Artigo em Inglês | MEDLINE | ID: mdl-32697827

RESUMO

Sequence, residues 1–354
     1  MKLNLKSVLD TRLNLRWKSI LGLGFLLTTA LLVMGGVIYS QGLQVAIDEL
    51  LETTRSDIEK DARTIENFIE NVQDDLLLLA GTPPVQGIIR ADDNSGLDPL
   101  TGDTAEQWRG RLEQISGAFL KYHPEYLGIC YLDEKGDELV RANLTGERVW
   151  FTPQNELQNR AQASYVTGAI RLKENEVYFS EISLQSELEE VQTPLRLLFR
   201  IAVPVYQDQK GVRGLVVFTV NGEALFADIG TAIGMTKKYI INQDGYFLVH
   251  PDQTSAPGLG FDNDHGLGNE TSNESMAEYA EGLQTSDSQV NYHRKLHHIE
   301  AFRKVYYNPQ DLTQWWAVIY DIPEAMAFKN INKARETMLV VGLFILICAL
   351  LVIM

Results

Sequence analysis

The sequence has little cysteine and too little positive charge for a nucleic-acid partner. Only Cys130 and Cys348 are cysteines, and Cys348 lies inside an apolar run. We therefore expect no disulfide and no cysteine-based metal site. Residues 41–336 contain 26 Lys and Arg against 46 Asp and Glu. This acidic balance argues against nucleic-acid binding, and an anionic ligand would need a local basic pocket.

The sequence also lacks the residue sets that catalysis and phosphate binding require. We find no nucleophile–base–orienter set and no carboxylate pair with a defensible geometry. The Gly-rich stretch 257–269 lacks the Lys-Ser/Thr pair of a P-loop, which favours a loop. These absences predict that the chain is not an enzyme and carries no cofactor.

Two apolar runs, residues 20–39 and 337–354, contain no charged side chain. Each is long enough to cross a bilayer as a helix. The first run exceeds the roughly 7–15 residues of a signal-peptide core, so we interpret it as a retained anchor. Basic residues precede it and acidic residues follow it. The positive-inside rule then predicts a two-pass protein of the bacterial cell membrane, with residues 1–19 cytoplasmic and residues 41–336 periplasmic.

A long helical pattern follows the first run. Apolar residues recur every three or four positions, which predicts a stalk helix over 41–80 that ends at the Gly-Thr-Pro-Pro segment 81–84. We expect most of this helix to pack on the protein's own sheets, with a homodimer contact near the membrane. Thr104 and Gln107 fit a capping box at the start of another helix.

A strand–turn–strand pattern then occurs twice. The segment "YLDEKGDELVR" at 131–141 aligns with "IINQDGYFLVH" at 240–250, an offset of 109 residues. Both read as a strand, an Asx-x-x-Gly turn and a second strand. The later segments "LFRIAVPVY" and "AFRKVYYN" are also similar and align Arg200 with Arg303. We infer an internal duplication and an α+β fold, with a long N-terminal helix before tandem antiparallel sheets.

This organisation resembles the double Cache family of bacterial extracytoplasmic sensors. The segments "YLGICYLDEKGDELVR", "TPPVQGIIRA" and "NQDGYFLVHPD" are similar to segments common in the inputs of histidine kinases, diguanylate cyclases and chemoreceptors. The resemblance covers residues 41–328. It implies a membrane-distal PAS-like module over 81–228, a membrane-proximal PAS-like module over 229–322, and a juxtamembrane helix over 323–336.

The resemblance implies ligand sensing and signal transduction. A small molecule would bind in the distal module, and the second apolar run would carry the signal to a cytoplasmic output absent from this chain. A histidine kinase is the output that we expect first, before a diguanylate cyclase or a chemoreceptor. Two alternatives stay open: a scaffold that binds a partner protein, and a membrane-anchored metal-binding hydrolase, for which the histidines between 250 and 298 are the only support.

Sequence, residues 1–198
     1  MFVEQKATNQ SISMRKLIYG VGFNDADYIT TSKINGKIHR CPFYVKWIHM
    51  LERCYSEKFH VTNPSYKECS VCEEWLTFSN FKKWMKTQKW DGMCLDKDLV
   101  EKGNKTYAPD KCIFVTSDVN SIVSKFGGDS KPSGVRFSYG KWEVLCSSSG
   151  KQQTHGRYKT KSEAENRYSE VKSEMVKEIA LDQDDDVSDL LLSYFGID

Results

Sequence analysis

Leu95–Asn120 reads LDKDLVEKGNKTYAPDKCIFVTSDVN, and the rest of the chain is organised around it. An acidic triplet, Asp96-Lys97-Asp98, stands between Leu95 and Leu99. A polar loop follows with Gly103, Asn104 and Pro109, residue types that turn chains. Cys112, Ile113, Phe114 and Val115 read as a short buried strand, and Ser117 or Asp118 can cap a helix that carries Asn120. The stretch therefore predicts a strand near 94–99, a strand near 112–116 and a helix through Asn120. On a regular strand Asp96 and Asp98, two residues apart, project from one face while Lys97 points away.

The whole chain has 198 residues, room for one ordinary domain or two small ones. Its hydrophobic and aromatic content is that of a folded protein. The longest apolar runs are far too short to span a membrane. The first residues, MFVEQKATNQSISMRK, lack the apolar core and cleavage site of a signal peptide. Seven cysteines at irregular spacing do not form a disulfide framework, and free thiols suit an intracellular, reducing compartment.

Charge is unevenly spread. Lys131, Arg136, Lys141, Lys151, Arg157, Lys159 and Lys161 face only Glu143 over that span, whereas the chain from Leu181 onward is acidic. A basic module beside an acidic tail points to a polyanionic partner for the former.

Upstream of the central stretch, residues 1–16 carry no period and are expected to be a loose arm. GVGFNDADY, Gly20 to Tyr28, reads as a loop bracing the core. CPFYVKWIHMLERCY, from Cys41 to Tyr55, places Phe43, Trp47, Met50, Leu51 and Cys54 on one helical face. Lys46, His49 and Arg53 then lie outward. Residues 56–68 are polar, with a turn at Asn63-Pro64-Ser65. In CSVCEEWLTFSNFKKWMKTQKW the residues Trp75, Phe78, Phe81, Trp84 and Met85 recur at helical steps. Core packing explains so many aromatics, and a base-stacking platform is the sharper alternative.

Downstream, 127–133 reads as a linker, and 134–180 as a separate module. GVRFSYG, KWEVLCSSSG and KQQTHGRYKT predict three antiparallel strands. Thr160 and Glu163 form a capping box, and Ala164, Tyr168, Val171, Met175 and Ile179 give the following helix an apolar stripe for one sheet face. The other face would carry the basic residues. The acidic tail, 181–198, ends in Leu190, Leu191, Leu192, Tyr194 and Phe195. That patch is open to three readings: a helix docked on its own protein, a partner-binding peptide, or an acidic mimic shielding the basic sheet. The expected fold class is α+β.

INTRODUCTION: Tobacco product prices and consumers' income are the two major economic determinants of tobacco demand. The affordability of tobacco products is dependent on the price of tobacco products relative to consumer income. Increase in tobacco tax is expected to lead to higher price, lower affordability, and reduced consumption. Price elasticity and affordability elasticity are used in analyzing the effect of tobacco tax increases on tobacco consumption and public health. The availability of both parameters raises the question of which one to apply in policy discussions. AIMS AND METHODS: Using global data on cigarette consumption, price, income, and tobacco control measures for 169 countries over 2007-2016, this study estimated the price elasticity and affordability elasticity of cigarette consumption by country income classification using country-specific fixed effects model for panel data. RESULTS: The estimates show that the restriction of equal strength of the effects of price and income changes on tobacco consumption maintained in affordability elasticity estimation is valid for low- and middle-income countries, while it is rejected for high-income countries. CONCLUSIONS: Affordability elasticity may prove to be a useful parameter to explain and predict the sensitivity of consumers to tobacco tax and price policy changes under conditions of robust economic growth, which are more likely to be observed in countries with initial low- or middle-income setting. It can provide a reasonable benchmark for tobacco tax and price increase necessary to effectively reduce affordability and consumption of tobacco, which can form a basis for building systematic tax and price increases into the tobacco tax policy mechanism. IMPLICATIONS: Price elasticity measures the sensitivity of consumers to changes in real prices, holding real income constant. Affordability elasticity measures the sensitivity of consumers to price changes adjusted for inflation and income changes. Existing scientific literature on tobacco demand abounds in both price and affordability elasticity estimates, without providing a clear explanation of the theoretical and policy implications of using one parameter over the other. By estimating and comparing price and affordability elasticities for high-income and low-and-middle-income countries separately, this article offers a guide to the practitioners in tobacco taxation for evaluating the effectiveness of tax-induced price increases on tobacco consumption.